Posts in: Chance





28

The Face of New York by Andreas Feininger and Susan Lyman and The Tulip by Anna Pavord

45:5, 16:5 Tulips and New Amsterdam. (The NYC book was published in 1954. Absolutely amazing photos.)


27

The Vineland Papers edited by Green, Grenier, and McCaffery and Aion by CG Jung

22:13, 44:6

From a certain angle, this is so me. I could have carefully chosen seven important books for last week’s challenge. But 62 books (two a day all month), picked completely at random, seem to be working just as well at sketching an outline of my identity.



25

Mawrdew Czgowchwz by James McCourt and The Mathematical Sublime by Mark Scroggins

17:16 Pronounced Mardu Gorgeous. Such a fun book, and exactly the sort of eccentric thing NYRB is so good at rescuing from obscurity.
16:24 (Click here for a dispeptic divagation on one of the blurbs on the back cover.)


A blurb by Marjorie Perloff

Marjorie Perloff’s blurb on the back cover of The Mathematical Sublime is an inadvertant description of exactly what bothers me about too much contemporary poetics and criticism. Why shouldn’t a critic be able to handle both langpo and formalism? Why does such eclecticism strike Perloff as so remarkably rare? Everyone outside Academia is exuberantly, unapologetically, and often instinctively eclectic.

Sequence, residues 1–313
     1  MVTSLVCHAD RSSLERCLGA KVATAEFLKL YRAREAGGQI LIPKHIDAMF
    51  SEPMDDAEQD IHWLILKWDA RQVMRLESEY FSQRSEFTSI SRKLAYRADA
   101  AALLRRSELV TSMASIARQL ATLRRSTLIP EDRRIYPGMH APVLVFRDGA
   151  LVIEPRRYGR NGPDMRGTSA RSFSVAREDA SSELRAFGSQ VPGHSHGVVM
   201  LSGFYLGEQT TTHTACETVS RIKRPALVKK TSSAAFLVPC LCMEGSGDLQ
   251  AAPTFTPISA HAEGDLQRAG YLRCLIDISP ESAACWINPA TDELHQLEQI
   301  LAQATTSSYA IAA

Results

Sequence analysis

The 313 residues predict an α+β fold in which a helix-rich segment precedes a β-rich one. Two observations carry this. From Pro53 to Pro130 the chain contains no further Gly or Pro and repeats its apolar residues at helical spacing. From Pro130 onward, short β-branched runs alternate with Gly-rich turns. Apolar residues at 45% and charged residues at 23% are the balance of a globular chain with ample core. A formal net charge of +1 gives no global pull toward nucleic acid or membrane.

I agree with her that Mark Scroggins is “unpredictably brilliant and persuasive.” I’m just annoyed because her blurb reminds me that everything she praises him for shouldn’t be so damn unusual. If you’re a cultural critic, you have one job: to range as widely and deeply as possible through human culture and send back reports of your remarkable discoveries. Perloff is praising the window frame when she should be admiring the view. And her blurb implies she doesn’t look out very many windows.